Saunders stressed the need for a Volunteer Coordination Center as part of disaster management and also emphasized the importance of pretraining and prescreening volunteers, as well as preassigning them to roles in likely disaster scenarios. He reported that, in the context of pandemic planning, the Ontario government has looked at healthcare jobs and which require certification versus which ones could be filled by volunteers. In any situation with spontaneous volunteers, he said, clear expectations are crucial.
Rabjohn said that at the Prestige oil spill off Spain's northwest coast in 2002, spontaneous volunteers created a problem by booking up all local hotel rooms, campsites and so forth, making it hard for World Wildlife Fund to bring in trained, experienced bird cleaners.
More could probably be done to engage volunteers in disaster preparedness and mitigation, such as public education, instead of just during recovery, said Saunders, who closed with this simple formula: Emergencies + Egos + Agendas = Catastrophes.
Alternate care facilities
In his session, "An Emergency Manager's Guide to Establishing Alternate Care Facilities," K.C. Rondello, MD, MPH, a DMAT member and assistant professor of emergency management at Adelphi University, Garden City, N.Y., covered the wide range of considerations that go into preplanning where such facilities will be set up in case of a pandemic or similar scenario, to deliver vaccinations or prophylactic medications.
One set of factors, for example, is whether there's adequate utility support at the prospective site, including electricity, water, climate control (taking waste heat into account), sanitation (which might have to rely on rainwater, seawater and/or gray water) and containment of infectious waste during a period when normal garbage pickup has been disrupted.
Clinical issues are another consideration, including infection control, patient flow (keeping patients moving smoothly through the facility) and record-keeping, which might be reduced to such basics as "Who are you?" and "Where can we find you?"
Administrative concerns have to include taking good care of onsite personnel, with adequate nutrition/hydration/sleeping accommodations for staff. These need to be available 24/7 and isolated from clinical care areas, with policies for logging in and out to guard against staff burnout.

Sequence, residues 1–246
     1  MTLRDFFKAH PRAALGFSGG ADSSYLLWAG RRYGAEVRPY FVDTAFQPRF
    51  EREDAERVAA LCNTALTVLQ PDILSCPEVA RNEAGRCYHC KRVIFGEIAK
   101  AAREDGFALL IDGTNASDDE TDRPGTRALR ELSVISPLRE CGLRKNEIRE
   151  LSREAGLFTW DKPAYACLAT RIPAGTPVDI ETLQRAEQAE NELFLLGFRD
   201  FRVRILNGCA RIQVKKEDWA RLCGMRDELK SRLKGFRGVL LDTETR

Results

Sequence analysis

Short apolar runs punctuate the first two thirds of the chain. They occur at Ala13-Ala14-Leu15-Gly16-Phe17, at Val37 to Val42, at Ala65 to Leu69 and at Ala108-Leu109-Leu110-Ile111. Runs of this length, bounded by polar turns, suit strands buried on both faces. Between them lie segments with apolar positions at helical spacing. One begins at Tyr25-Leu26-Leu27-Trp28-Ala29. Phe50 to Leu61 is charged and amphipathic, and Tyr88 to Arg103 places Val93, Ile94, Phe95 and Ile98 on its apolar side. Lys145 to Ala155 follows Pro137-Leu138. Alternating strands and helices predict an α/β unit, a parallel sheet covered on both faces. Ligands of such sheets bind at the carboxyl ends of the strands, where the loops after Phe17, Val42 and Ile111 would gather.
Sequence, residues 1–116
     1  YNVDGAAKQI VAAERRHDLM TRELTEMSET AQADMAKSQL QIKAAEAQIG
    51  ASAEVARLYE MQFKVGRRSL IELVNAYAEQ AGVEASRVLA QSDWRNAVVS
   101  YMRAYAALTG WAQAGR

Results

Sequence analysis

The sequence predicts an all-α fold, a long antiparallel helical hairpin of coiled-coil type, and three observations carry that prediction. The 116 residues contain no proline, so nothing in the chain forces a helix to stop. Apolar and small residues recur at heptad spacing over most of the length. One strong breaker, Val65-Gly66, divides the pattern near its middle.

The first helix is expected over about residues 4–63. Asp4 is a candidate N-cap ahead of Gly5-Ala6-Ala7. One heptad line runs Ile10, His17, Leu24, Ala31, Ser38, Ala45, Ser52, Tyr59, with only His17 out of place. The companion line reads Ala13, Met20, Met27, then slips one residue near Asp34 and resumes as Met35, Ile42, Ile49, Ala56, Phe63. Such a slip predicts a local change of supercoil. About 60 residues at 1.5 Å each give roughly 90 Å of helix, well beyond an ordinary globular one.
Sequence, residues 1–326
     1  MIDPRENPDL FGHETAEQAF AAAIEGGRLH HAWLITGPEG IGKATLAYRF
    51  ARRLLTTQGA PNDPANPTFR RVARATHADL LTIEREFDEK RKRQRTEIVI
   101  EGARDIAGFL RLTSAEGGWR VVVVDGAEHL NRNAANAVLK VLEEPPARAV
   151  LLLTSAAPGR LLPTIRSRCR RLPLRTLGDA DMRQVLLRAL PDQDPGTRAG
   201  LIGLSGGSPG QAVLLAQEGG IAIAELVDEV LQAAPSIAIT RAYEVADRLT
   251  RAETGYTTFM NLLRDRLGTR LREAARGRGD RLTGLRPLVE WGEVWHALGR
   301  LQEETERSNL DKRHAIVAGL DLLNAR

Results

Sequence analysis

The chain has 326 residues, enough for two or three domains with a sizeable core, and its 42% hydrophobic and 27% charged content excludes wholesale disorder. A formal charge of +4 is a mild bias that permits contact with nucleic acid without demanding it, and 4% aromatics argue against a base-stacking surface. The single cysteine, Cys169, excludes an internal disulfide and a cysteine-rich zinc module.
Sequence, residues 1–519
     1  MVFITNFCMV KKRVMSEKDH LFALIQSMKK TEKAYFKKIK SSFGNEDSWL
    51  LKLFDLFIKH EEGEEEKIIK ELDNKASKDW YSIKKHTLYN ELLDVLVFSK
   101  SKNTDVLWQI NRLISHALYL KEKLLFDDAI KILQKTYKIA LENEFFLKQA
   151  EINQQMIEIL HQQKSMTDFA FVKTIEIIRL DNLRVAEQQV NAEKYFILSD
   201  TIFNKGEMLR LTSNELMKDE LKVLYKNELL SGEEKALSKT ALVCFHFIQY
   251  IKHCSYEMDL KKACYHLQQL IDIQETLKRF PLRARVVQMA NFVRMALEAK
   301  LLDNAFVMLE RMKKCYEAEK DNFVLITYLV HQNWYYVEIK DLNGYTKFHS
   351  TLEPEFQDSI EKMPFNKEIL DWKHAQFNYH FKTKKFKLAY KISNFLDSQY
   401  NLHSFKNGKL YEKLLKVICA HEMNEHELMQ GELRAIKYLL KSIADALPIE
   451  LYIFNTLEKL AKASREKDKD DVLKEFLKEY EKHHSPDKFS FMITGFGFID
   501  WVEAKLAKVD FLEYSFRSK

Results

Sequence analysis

James Lukaszewski, president of The Lukaszewski Group, White Plains, N.Y., gave an interesting presentation on victim psychology. One of his observations is that "Victimization ends when the victim says it's over," and not before.
Victims are typically in an emotional state that includes "intellectual deafness," he said, yet companies and organizations tend to pour out information in response to a victim's emotions. "Emotional issues," he emphasized, "have to be met with emotional responses."
Similarly, Lukaszewski advised, answer victims' questions, even if you think they're asking the wrong questions. "Fail to tell them something," he warned, "and they will make something up."
Div. Chief Jim Sideras of Sioux Falls (S.D.) Fire/Rescue, a contributor to Homeland1 sister sites Fire/Rescue1 and EMS1, described his agency's response to an unusual mass-casualty incident, one that occurred indoors at a Sioux Falls meat-packing plant that experienced a leak of anhydrous ammonia in mid-winter. More than 100 people were treated, with more than 65 transported by ambulance and another 20 to 30 self-transporting.
In somewhat of a reverberation with one of Dr. Phelan's comments, Sideras said that, in part because of the difficulty of setting up a full command post at the plant, the Planning, Logistics and Finance sections under ICS were all based at the local EOC.
Public education starts with you
In one of the closing plenary sessions, "Changing People's Readiness Behavior," Dr. Dennis Mileti, emeritus professor at the University of Colorado, explained that public education programs should talk less about why preparedness is needed and more about exactly what the public should do.
"The public education you do is not about the public," he commented. "It's about your organization." In other words, he explained, it's typically about the organization looking good and trying to show that it's carrying out its mission — and it ignores years of research on how to best reach the public. "It's not about your favorite message or your unique program."
"How do you get belief? Simple. You repeat it over and over and over and over again," he said. "Risk perception doesn't equal behavior. . .People really don't perceive risk; they perceive safety."
He concluded with this comment on the enduring strength of networking: "The real power of emergency management in the 21st century is who you have lunch with."